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Doctor Shopping and Prescription Fraud - California Health and Safety Code 11173 HS

Doctor Shopping and Prescription Fraud - California Health and Safety Code § 11173
California Health and Safety Code § 11173 describes the drug crime of prescription fraud and "doctor shopping."

Doctor shopping is now common in California as prescription drug addiction has grown widespread.

In basic terms, doctor shopping involves visiting several medical health care professionals or pharmacies to obtain multiple prescriptions for controlled substances.

It's a form of prescription fraud describer under California Health & Safety Code Section 11173.

Just as a medical professional can commit prescription fraud by over-prescribing medication or selling prescriptions through a “pill mill,” so too can patients be charged for the act of “doctor shopping,” i.e. seeking multiple prescriptions or prescriptions which are not medically necessary by providing fraudulent statements of concealing important facts from a medical professional. 

California Health and Safety Code § 11173 provides for criminal penalties for patients who, through fraud, deceit, misrepresentation, or subterfuge obtain, or attempt to obtain, a prescription from a medical professional for a controlled substance such as a painkiller. 

Concealment of a material fact, meaning a fact which is important to the doctor's determination of whether or not to issue a prescription, is also considered fraud and can be punished under Section 11173.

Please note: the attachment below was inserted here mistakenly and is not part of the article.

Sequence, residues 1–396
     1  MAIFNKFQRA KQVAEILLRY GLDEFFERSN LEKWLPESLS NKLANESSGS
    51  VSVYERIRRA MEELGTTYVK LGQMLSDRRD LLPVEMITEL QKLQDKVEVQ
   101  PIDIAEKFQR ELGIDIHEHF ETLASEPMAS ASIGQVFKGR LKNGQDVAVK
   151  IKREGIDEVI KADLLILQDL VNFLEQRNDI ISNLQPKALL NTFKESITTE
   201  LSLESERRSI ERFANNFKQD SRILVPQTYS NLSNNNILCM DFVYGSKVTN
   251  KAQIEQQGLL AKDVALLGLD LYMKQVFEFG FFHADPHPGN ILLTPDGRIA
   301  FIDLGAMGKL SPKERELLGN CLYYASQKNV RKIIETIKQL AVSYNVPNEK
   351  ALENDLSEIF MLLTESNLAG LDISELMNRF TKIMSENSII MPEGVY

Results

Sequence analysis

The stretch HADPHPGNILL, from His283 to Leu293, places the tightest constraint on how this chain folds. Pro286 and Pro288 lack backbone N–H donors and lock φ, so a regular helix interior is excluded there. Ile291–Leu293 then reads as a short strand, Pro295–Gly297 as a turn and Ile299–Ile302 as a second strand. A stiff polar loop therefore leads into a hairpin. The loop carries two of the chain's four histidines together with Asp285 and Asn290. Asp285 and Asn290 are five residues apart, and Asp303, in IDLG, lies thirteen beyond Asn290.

To give readers useful information about doctor shopping and prescription fraud under Health and Safety Code § 11173, our California criminal defense attorneys are providing an overview below.

Definition of Doctor Shopping Prescription Fraud

California Health and Safety Code § 11173 defines the crime of prescription fraud as:

  • Nobody shall obtain, attempt to obtain controlled substances, or procure a prescription for controlled substances by fraud, deceit, misrepresentation, or by concealment of a material fact.

In other words, Health & Safety Code 11173 criminalizes any of the following acts:

  • Obtain or make an attempt to obtain a controlled substance;
  • Procure or make an attempt to procure the administration of a controlled substance; or
  • Procure or make an attempt to procure a prescription for a controlled substance.

It should be noted you can still commit this form of prescription fraud even in a situation where no prescription was actually involved.

It should also be noted you can be convicted of California Health & Safety Code 11173 prescription fraud even in a situation where you never actually obtained a drug or a prescription for a drug. It's only required that you made an attempt to obtain a drug or prescription.